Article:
“Bottles fill his stomach, but breastfeeding fills his soul.” A breastfeeding mother has a strong emotional and physical bond with her child. A pair of practical helping hands can help tremendously postpartum giving a new mother time to recover from her labor and start breastfeeding. The theme for World Breastfeeding Week (WBW) 2021 is “Protect breastfeeding: a shared responsibility,” which highlights how breastfeeding benefits everyone’s survival, health, and happiness.
World Breastfeeding Week takes place every year from August 1 to 7 and its two main objectives are to improve the health of babies and to encourage and support women to breastfeed.
Rules of breastfeeding
- Breastfeeding should begin within half an hour of birth.
- 6 months of exclusive breastfeeding (not even a drop of water).
- Starting at 6 months, add food while continuing to breastfeed for up to 2 years.
Advantages of breastfeeding
- Colostrum, which includes IG A and has a higher calorie and laxative action, is the first immunization for newborns
- Breast milk provides a complete meal for a baby
- Easily digestible
- Because it contains immunoglobulins, cellular components, and Bifidus factor, it protects against infection
- Aid in brain development and IQ
- Protects from allergy
- Lower rates of diabetes, Sudden Infant Death Syndrome (SIDS), obesity, and childhood cancer
- Stronger immune systems
- Less illness overall and less hospitalization
- Promotes child and mother bonding
- Natural form of birth control, only if exclusively breastfeeding
- Less postpartum bleeding
- To create and sustain a milk supply, breastfeeding burns roughly 500 additional calories each day after delivery, promoting faster weight loss
- Helps in the involution of the uterus
- Reduces risk of ovarian and breast cancer, diabetes, hypertension, and cardiovascular disease
Alternatives to breastfeeding
Although breastfeeding is highly beneficial for both the child and mother, the reality is that many women cannot breastfeed for various reasons. A few examples of why women are unable to breastfeed stem from past breast surgery, chemotherapy, incurable illnesses, having a low milk supply, or if their child is allergic to something in their breast milk. It is important that mothers are not judged, rather they are given space to discover which methods work best for them and their baby.
Infant formula feeds are a nutritional alternative to breast milk, containing several vitamins and elements that breastfed newborns require. Other alternatives could include using milk donors. Talk to a doctor to get the best plan of action that would be beneficial for both mother and child.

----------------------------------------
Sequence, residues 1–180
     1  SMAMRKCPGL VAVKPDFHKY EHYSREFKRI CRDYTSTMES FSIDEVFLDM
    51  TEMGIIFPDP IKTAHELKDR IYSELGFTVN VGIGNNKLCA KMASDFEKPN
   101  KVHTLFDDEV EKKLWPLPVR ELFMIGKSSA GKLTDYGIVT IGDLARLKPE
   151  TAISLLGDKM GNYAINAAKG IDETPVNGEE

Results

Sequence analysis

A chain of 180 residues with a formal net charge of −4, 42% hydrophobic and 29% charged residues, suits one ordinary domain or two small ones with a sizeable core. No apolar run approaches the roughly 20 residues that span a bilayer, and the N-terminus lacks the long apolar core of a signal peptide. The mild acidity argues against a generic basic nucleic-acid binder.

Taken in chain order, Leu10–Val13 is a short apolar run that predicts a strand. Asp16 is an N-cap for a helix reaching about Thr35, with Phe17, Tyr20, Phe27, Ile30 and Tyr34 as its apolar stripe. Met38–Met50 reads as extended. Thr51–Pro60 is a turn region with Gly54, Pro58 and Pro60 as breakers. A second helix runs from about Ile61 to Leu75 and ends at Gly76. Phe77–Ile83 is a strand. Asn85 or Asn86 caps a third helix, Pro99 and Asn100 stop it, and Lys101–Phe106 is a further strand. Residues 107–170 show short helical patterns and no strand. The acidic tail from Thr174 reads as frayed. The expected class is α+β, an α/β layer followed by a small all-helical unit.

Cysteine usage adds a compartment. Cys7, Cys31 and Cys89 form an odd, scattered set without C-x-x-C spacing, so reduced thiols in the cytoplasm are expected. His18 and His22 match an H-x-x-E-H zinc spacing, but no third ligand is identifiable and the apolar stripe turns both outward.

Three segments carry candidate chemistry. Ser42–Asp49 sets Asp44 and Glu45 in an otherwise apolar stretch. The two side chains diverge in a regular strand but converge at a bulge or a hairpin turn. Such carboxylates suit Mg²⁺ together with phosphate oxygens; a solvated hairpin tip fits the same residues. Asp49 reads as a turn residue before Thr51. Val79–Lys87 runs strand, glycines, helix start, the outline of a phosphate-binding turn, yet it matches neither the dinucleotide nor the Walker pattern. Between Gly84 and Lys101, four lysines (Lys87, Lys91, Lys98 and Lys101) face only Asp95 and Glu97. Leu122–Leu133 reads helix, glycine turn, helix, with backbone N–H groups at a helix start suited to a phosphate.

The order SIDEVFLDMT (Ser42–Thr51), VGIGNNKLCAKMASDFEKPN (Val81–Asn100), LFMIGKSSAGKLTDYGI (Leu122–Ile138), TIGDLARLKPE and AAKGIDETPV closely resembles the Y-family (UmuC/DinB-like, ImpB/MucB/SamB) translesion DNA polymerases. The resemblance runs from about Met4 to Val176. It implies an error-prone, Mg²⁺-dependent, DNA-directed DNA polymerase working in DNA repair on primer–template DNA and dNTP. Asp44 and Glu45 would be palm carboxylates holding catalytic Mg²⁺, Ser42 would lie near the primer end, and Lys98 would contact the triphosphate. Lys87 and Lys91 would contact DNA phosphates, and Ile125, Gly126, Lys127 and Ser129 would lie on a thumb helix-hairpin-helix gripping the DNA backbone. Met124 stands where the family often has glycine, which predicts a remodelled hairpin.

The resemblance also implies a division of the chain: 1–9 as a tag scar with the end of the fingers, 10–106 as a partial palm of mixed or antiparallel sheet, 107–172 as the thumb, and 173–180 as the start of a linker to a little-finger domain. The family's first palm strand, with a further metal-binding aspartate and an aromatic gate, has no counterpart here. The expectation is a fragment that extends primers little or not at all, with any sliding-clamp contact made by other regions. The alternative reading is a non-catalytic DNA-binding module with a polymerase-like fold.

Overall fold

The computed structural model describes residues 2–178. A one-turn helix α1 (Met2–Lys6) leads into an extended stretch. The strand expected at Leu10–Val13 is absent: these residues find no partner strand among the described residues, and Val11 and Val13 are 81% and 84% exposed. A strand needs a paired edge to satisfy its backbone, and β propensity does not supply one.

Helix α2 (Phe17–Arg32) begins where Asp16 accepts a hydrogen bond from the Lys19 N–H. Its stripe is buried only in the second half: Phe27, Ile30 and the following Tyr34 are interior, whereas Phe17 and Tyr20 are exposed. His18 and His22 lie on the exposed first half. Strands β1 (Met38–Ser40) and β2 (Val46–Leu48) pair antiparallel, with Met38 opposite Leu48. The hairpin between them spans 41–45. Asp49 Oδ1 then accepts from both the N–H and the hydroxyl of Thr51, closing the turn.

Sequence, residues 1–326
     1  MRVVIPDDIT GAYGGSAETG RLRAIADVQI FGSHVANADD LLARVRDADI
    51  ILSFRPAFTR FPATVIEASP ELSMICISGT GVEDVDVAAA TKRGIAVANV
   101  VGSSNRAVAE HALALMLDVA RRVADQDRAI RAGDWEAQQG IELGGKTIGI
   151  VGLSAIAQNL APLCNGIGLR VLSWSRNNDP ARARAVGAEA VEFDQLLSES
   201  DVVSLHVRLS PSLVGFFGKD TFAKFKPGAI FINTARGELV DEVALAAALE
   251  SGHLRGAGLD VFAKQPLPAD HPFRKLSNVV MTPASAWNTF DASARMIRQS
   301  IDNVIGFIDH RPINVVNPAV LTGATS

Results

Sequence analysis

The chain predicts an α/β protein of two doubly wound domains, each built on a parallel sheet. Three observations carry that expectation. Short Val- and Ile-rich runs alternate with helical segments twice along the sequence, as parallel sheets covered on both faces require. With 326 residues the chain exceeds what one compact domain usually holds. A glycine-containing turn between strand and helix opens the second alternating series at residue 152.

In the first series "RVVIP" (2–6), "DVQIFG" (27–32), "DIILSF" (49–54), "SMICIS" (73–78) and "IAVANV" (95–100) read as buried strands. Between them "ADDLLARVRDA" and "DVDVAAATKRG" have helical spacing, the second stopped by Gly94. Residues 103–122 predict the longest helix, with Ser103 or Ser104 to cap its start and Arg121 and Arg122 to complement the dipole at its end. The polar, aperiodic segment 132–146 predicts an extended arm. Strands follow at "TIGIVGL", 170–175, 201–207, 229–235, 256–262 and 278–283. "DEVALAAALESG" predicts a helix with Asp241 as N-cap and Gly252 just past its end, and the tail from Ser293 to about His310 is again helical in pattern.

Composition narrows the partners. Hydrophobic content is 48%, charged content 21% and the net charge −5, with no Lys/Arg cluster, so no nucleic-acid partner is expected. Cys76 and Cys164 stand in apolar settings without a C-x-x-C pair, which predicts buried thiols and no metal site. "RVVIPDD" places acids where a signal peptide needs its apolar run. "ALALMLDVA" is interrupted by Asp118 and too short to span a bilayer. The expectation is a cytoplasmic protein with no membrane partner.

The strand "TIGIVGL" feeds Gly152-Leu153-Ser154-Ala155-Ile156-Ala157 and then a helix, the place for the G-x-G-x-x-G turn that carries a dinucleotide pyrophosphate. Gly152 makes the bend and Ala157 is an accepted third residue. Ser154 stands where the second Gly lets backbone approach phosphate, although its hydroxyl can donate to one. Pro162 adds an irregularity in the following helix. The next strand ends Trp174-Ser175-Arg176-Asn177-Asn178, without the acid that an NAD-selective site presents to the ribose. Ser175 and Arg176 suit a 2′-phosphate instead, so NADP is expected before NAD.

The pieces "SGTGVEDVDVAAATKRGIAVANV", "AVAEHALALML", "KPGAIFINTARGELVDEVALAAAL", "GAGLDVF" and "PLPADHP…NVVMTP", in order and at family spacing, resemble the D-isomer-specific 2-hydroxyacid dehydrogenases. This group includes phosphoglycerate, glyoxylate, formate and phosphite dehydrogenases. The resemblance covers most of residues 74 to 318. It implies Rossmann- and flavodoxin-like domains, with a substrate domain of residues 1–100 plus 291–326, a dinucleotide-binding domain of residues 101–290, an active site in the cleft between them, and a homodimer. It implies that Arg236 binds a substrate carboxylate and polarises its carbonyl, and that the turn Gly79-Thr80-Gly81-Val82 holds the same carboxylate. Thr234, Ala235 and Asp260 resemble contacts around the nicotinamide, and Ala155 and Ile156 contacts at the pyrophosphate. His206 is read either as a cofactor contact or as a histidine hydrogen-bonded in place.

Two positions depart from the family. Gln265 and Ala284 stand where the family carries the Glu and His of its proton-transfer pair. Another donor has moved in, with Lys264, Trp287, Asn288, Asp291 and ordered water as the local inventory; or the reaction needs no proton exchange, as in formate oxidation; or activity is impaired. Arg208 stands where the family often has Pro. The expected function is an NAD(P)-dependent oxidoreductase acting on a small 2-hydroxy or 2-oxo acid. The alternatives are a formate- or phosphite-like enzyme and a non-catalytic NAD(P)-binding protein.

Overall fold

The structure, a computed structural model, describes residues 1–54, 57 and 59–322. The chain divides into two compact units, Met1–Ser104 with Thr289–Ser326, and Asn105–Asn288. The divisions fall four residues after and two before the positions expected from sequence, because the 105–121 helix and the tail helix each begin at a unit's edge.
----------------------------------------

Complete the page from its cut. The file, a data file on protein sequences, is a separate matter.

Signs of effective breastfeeding
- 8-12 times feeding daily
- Infants should have about 6-8 wet diapers in a day
- Infants should have a minimum of 3-4 bowel movements every day
- By the tenth day of life, infants have regained their birth weight
Positioning and attachment of baby while breastfeeding
While breastfeeding the position of the baby includes:
- Supporting the baby’s whole body
- Ensure the baby’s head, neck, and back are all on the same plane.
- Baby’s entire body should face the mother
- Baby’s abdomen should touch mother’s abdomen.
Proper attachment of baby on mother’s breast
- Baby’s mouth wide open
- Lower lip turned outwards
- Baby’s chin should touch the mother’s breast
- Majority of the areola should be inside the baby’s mouth
Nutrition for mothers while breastfeeding
- Drink eight glasses of fluid (at least 1 extra liter of fluid) daily
- Take a multivitamin with iron supplements
- Breastfeeding mothers need to consume 500+ calories daily
- Eat a well-balanced diet
- Caffeinated beverages should be avoided or limited to one to two cups per day.
Breastfeeding during COVID-19
There’s not enough data to confirm the transmission of COVID-19 through breast milk and breastfeeding. It is recommended to continue breastfeeding even if the mother is COVID positive, and lactating mothers can receive a COVID-19 vaccine. Breastfeeding mothers who have received COVID-19 mRNA vaccinations have antibodies in their breast milk, which provides protection for their newborns.
Tips for keeping mothers and babies safe during the pandemic:
- Practice the 3 Ws while feeding:
- Wear a mask during feeding
- Wash hands with soap before and after touching the baby
- Wipe and disinfect surfaces regularly
- When you’re too unwell to breastfeed, use a cup and spoon to feed your baby extracted breastmilk.
- If the mother is unable to breastfeed, use extra caution during formula feeding.
Talk to your gynecologist
Consult with your doctor if you have any questions regarding your baby and breastfeeding. At any time if you notice inverted or flat nipples, if your nipples feel sore, breast engorgement, breast abscess, or if there’s not enough milk, talk to your doctor right away to help you manage your and your baby’s health.
Support a breastfeeding mother
All mothers require assistance, and no matter your relationship with her, there are things you can do to assist her:
- Make sure she has food and drinks to keep up her energy
- Make an effort to spend some uninterrupted time with each other
- Hold the baby so she can take a break
- Help with baby duties – nappy change, late-night strolls
- Comfort crying babies while she gets some sleep
As a mother learns to breastfeed, knowledge, enthusiasm, and support are all important. If she is having difficulty breastfeeding, her partner can encourage her and assist her in overcoming challenges. Breastfeeding is a responsibility that must be shared by both parents.